Co-op – This is my go to place for bulk goods and one I could not do without. A co-op is a group of people who create a wholesale account to be a distribution point for companies meaning that they get the rock bottom prices that the grocers do except there is no mark up! I get all my monthly staples from here. Dry grains, dried fruit, essential oils, soaps, etc. anything that I can get from them I most likely will because the prices are 40-60% lower than the health food stores. All of these options should be free to join. There is no membership fee but some may ask for volunteer time since this is not their jobs. The drop point coordinators are volunteering their time and homes as well. Some will charge 10% of the order to have it sorted out for you. Azure Standard, which is local to Oregon, is the wholesale provider for most of what I get on a monthly basis. You can visit them at Azure Standard and set up a free account to see their prices. The only downside is that orders must be over $50 individually and as a group must total a minimum amount for the drop to take place. This means that you typically get your order in once per month and planning ahead is a must!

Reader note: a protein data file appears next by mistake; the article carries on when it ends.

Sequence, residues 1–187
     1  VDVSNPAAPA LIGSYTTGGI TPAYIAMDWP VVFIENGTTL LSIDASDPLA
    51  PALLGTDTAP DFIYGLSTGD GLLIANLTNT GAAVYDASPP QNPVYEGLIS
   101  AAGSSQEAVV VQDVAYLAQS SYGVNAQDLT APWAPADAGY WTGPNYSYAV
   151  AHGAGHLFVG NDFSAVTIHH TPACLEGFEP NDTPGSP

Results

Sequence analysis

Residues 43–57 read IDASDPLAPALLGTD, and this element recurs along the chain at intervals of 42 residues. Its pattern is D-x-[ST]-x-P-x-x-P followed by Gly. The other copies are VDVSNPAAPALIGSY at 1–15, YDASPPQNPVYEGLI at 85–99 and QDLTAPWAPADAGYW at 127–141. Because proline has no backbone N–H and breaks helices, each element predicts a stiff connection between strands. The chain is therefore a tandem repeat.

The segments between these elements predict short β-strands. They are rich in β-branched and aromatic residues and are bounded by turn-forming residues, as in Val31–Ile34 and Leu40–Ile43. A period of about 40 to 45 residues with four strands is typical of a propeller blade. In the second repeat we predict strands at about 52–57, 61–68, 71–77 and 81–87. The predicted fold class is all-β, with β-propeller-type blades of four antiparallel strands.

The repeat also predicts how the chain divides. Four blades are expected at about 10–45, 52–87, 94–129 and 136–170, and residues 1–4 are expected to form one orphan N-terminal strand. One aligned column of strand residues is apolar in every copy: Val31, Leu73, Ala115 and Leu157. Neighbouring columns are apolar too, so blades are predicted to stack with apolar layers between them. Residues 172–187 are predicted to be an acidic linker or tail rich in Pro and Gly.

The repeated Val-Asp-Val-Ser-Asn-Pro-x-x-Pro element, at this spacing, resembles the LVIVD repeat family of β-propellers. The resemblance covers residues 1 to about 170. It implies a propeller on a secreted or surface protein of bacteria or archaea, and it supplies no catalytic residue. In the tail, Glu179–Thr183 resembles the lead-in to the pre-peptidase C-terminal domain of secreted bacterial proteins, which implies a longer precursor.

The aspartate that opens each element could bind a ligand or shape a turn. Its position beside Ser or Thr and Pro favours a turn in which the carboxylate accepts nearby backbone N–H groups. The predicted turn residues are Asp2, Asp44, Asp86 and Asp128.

The other provider for our co-op is Frontier, which you can visit at Frontier Co-op. Organic spices, toys, household items, anything I could get at a major health food chain can be found here and found for 50% off most items.
Visiting either of their sites and calling them you should be able to find out if there is an existing co-op near you.
Through any of these venues you can find nearly anything organic, pasture raised, free range and the highest quality for the cheapest prices. All you have to do is ask, ask, ask!!! Just by asking around I found a reputable dairy for our milk, organic, free range, pastured eggs and a fantastic, 100% grass-fed, pastured beef butcher to buy an 1/8th of a cow from and even got free kefir grains! Asking around at the farmer’s markets and even nudging some of your “green” friends who are usually thrilled to share will be a great way to learn of new sources.